In 1994, I was Aquaman. Sure, all I could do was talk to fish, but dammit, when there was a problem to be solved that smelled even remotely piscine, I talked their little fishy fins off. Now I'm El Dorado. I have loads of powers, and can make up new ones as I go, but that just makes it harder to choose one and go with it. A marauding octopus! Should I read its mind? Shoot it with my eye lasers? Create an illusion of a sexy lady octopus? Should I grab it and teleport it to a sashimi restaurant? What to do... what do... oh, never mind, it's eaten Kairo.

So, as we grind and bump towards the conclusion of this senile shaggy dog story, do I have a point to make? A nugget of wisdom to impart?

I do.

First, don't listen to the 2008 Rogerborg. Now I only know what can't be done. I've forgotten what can be achieved though ignorance and determination.

Second, listen to the 2008 Rogerborg when he says to do as he says, and not as he does. If you have a game that you want to write, then write it. Just knuckle down and write it. Don't worry about how optimal your data encapsulation is, just bung everything into a structure and call functions on it. Write naive code, and don't give a stuff about optimisation or resource management. Get stuff on screen, and make it spin.

When you are happy, then you're done.

And here endeth the lesson.
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Postby bitplane » Wed Jan 16, 2008 2:10 pm

Ah, the fable of the old programmer. I love it! :)

I've been worrying about the design of my RPG game for what seems like an eternity, and had come to the conclusion that simple solutions just don't turn me on anymore.

Your story has given me a kick up the proverbial I needed. I'll keep the main design simple but modular, and build all the complexity into non-reusable parts that are ugly as sin but lots of fun to write. Most importantly, I'll have fun actually writing some code, and instead of agonising over the design I'll just make it go
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Postby hybrid » Wed Jan 16, 2008 2:20 pm

Wow, I don't know what to say :o At least I wouldn't have expected this.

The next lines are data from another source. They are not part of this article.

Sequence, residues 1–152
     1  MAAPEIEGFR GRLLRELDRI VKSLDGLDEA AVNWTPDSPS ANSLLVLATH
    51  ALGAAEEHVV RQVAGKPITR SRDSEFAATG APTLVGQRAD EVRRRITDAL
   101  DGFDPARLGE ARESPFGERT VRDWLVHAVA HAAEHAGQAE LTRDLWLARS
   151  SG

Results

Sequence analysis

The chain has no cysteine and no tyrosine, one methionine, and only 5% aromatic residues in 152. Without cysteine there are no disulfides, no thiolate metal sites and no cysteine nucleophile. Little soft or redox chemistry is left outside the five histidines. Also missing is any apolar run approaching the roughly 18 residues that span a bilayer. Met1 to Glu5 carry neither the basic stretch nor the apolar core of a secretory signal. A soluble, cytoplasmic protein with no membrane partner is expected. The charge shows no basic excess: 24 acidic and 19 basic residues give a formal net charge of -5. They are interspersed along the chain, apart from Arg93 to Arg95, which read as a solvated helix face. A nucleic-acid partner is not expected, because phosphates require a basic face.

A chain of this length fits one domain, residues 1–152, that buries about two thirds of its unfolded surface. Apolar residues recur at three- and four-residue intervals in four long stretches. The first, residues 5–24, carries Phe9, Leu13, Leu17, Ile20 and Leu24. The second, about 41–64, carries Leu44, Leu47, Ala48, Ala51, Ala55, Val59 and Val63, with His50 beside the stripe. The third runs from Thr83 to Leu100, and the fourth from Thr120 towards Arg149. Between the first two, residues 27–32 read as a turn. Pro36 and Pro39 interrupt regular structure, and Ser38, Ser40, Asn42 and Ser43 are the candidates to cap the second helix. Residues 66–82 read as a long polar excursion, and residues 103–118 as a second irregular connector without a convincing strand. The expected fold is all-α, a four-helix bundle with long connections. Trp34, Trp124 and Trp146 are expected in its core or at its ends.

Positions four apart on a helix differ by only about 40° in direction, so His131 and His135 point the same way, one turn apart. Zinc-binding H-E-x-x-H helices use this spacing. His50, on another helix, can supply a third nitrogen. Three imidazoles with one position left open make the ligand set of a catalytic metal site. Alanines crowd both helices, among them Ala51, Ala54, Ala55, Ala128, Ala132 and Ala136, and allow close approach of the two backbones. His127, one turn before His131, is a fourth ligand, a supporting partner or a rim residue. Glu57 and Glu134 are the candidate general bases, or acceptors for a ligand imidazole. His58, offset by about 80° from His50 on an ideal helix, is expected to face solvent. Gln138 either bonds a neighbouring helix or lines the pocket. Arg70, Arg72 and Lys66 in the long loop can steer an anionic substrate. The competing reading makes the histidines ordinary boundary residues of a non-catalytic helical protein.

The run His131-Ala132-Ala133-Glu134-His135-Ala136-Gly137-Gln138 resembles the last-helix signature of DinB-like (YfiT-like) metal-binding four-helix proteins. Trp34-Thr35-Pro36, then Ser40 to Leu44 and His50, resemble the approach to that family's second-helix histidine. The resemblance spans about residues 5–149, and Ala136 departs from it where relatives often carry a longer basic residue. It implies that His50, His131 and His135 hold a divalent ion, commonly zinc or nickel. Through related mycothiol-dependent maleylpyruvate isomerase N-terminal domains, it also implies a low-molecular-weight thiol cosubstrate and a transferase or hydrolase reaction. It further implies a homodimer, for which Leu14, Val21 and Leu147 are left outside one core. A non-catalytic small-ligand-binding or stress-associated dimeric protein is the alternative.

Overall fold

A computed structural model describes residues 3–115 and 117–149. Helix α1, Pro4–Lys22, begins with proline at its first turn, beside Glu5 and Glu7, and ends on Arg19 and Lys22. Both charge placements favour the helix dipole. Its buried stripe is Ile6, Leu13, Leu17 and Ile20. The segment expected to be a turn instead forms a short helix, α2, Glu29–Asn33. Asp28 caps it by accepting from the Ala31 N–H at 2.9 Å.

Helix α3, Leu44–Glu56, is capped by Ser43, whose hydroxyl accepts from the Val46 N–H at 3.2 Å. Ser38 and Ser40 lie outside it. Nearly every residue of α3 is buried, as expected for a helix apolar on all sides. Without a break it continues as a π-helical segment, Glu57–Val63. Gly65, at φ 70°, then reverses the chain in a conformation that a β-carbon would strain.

But I feel this is just the right attitude we need in this forum. Giving advices where possible, let others know where they should put more effort into and where not, and just say if we just feel uncomfortable with proposals. But never deny someone's plans or dreams to come true. I'll support any appropriate amount of scepticism, but after all we're in a time where almost everything is possible (and even happening).

So let's stick to some least standard, but then just do the thing's we have to do :D
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Postby FuzzYspo0N » Wed Jan 16, 2008 2:29 pm

I understand this feeling at least :>

I at least learned earlier on to make the game a game, and then make the game faster. It good to see members sharing what they have been through too...
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Postby dlangdev » Wed Jan 16, 2008 8:28 pm

thanks rogerborg for sharing your insight, i really appreciate them.

last night, late late night, i would call it probably an all-nighter type of thing. i was working on the creative side of the project and i saw myself standing inside the gameworld pasting textures to polygons. it was a nice experience, never in the history of my programming life would i see myself inside a 3d gameworld installing textures to quads. so, from there, standing...i could judge how much area a certain quad would be mapped before getting re-sized in order to set the correct visual effect--solving for correct magni-minification distance. the thing is, this type of work is entirely new.

moreover, the skillset requirement for gamemaking nowadays include a wide variety of technical and creative elements. with that big skillset requirement imposed, an ordinary developer (like me) would simply stand in awe at seeing how big the work is.